Council coalitions and party divisions
There are few certainties in electoral politics. One may presume baby-kissing. Further, it can be taken as read that candidates, on encountering the juvenile offspring of voters, will scarcely be able to avoid breaking into childish ditties, hummed or chanted according to choice.
However, there is one other element that is generally regarded as a constant. Voters, it can be presumed, tend not to favour parties which display elements of division.
This is fairly logical, if you think about it. The sensible voter - and, despite occasional caricatures, that is most of them - will generally prefer to lend support to a party which appears to present a common front to the world, rather than a disparate offer.
What, the sensible voter asks, are we getting for our cross on the ballot paper? Are we getting the version of this party presented by Leader A or the alternative scenario sketched out by would-be Leader B?
Such division afflicts all parties at sundry points. It is customarily accompanied by zealous demands for internal unity. Unity under whom, customarily retort the combatants, gearing up for another squabble.
There is something uniquely attractive to politicians about in-fighting. After all, the other lot are simply opponents. Those on your own side are potential enemies; rivals for advancement, jobs and the leader's favour.
Now, that is rather a long and wordy preamble to chatting about a development which is rather lower league than the full-blown internal battles we have occasionally witnessed in the past. But which, nonetheless, is about disunity or internal disagreement.
Scottish Labour is in a bit of a flap as a result of fall-out from the local elections earlier this month. Naturally, said flap is potentially - I stress, potentially - washing over into Labour's campaign for the UK general election.
You will perhaps be already familiar with the basics. The Labour group in Aberdeen City Council has signed a coalition deal with the Conservatives and Independents, thus deftly cutting out the SNP, which is the largest party.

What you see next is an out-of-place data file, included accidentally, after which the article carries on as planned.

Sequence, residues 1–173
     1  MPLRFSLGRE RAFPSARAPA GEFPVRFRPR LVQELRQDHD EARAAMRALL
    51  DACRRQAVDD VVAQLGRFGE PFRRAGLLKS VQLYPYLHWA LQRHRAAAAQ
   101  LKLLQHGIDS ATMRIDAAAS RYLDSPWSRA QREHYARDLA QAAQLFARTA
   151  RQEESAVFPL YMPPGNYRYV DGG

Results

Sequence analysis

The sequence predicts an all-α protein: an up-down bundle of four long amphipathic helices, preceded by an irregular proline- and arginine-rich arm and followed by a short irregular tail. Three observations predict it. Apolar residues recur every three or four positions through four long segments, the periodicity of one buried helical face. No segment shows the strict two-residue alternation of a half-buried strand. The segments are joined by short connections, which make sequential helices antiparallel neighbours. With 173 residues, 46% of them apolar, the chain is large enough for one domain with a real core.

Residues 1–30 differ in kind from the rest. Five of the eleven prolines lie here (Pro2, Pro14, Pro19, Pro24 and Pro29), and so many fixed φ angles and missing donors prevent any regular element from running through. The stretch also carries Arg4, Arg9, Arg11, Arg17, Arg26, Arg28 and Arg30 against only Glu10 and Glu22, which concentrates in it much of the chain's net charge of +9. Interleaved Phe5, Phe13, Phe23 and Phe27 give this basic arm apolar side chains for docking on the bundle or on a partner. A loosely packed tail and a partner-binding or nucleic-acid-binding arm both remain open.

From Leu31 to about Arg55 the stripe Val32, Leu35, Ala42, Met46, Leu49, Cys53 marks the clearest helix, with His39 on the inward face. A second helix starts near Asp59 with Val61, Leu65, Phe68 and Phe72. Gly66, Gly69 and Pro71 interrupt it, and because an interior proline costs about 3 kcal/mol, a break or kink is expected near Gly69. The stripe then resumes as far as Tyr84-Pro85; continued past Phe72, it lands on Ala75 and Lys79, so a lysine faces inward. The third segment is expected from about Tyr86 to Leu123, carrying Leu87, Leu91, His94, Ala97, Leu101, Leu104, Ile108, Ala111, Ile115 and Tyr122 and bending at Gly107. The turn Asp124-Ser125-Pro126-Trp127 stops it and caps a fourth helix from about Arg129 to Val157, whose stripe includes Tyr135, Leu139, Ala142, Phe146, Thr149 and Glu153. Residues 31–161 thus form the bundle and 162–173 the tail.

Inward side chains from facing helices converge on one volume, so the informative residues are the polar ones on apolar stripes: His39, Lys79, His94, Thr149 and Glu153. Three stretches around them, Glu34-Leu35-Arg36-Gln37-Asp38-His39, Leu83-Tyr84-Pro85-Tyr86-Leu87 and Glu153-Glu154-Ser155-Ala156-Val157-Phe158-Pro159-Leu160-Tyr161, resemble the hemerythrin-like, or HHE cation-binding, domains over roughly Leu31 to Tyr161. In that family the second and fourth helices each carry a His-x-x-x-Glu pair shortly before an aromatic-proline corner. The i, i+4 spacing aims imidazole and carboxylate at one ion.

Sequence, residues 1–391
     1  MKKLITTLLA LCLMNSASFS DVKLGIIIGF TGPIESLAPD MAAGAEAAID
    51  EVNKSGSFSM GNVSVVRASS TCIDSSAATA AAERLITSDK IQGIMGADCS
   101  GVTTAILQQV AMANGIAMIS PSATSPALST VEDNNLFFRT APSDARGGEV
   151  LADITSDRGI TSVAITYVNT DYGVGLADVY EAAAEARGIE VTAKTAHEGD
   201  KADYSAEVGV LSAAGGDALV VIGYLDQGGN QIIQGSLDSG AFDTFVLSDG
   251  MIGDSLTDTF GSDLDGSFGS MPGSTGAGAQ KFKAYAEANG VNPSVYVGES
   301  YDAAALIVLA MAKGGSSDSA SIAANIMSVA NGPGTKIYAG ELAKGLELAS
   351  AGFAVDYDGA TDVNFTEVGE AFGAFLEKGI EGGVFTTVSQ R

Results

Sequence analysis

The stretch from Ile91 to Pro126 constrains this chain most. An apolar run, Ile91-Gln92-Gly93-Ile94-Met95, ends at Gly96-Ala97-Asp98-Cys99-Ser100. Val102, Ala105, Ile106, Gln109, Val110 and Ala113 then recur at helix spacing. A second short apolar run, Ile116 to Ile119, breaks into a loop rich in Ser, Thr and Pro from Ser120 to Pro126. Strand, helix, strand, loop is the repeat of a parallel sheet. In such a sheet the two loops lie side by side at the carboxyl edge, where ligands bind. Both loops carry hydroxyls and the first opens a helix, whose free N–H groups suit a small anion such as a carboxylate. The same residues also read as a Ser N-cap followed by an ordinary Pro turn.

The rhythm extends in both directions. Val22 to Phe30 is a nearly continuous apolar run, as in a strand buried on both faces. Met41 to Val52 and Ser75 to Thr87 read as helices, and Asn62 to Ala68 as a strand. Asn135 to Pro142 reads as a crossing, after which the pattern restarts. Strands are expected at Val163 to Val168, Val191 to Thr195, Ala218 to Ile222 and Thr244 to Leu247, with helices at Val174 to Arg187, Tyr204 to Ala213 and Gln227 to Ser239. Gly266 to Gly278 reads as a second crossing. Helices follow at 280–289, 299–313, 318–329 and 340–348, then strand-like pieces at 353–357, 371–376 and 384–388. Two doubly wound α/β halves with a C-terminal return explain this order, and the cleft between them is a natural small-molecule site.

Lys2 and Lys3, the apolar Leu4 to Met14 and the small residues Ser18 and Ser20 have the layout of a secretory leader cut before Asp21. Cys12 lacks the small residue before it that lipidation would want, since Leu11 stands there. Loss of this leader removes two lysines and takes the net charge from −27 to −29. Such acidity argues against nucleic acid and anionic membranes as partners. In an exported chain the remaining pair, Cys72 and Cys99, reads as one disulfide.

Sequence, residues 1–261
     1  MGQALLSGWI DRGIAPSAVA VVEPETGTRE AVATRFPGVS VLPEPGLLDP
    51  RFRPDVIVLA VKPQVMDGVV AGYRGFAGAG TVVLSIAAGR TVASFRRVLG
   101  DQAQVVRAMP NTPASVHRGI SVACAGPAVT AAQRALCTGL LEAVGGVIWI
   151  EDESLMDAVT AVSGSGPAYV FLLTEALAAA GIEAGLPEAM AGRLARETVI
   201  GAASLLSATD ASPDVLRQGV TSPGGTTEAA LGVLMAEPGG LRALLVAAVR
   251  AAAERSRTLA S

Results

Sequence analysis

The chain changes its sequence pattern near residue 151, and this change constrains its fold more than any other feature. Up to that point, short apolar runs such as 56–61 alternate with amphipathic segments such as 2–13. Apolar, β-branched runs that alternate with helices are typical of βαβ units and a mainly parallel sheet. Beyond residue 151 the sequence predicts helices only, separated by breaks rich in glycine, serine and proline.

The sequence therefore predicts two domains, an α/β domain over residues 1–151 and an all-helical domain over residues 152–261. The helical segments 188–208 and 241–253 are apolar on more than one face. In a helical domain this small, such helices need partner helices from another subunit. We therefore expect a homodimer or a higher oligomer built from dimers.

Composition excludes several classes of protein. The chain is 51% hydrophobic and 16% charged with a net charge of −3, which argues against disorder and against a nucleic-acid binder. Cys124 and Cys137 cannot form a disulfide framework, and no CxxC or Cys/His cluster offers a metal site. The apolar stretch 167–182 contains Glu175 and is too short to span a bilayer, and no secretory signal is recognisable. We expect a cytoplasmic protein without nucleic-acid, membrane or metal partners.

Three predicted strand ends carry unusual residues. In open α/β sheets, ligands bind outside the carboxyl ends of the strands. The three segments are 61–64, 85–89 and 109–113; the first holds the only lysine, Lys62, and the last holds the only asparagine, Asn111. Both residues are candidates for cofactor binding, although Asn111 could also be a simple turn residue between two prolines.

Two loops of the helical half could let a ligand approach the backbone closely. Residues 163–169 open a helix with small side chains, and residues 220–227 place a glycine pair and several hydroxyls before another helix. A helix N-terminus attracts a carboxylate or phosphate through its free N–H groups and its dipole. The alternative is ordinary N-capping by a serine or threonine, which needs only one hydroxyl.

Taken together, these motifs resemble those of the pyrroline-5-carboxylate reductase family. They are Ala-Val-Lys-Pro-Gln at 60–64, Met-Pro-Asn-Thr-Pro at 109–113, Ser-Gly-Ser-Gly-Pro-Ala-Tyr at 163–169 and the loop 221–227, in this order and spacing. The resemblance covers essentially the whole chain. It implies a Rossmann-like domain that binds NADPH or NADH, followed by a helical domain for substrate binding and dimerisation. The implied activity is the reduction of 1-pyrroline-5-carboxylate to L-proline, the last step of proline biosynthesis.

Up with this Kezia Dugdale will not put. The party has issued a statement condemning the deal in strong terms, noting that Labour cannot reach any electoral accommodation if it would "result in further austerity being imposed on local communities".
It adds that Labour councillors in the Granite City should stand down from this deal or face possible suspension from the party.
A number of thoughts occur in fairly rapid succession. Labour's Scottish executive did not explicitly rule out deals with the Tories (the SNP did).
Rather, Labour's prohibition was upon coalitions which promoted austerity, however defined. Today's statement re: Aberdeen, effectively, equates the Tories with a pro-austerity approach. Given that, perhaps they should have made the bar upon talking to the Tories more explicit - although one appreciates the dilemma between a nationwide approach and local democratic discretion.
Secondly, there is that local v national factor. I worked as a journalist in Aberdeen as a youth and can well remember the attitude of the North-east towards the central belt. Aberdonians are proud people who dislike being told what to do by folk from Edinburgh or Glasgow.
Thirdly, there is pragmatism v politics. Every mainland council ended up in No Overall Control as a consequence of this month's local elections. That means haggling. That means bargaining.
Labour lost ground but retained sufficient clout and sufficient numbers to be significant players in several councils. So they are too small to govern on their own or in coalitions entirely of their own choosing. But they are too big to retreat entirely into the doctrinal purity of opposition.
Does any of this matter? Well, it matters in Aberdeen where local governance is under challenge and contest. It matters elsewhere in Scotland where similar discussions are being held, if not with the same outcome.
Does it matter in the UK general election? One must be careful not to overstate the issue. The majority of voters, arguably, will pay minimal heed to this controversy. Some may be impressed by Scottish Labour's determination seemingly to stand firm against the Tories.
Others, though, may wonder what it says about Labour's deftness of touch. The party's statement today concludes by noting that "voters across Scotland have a chance to reject further austerity and a divisive second independence referendum by voting Labour on June 8." Will today's development help or hinder that prospect?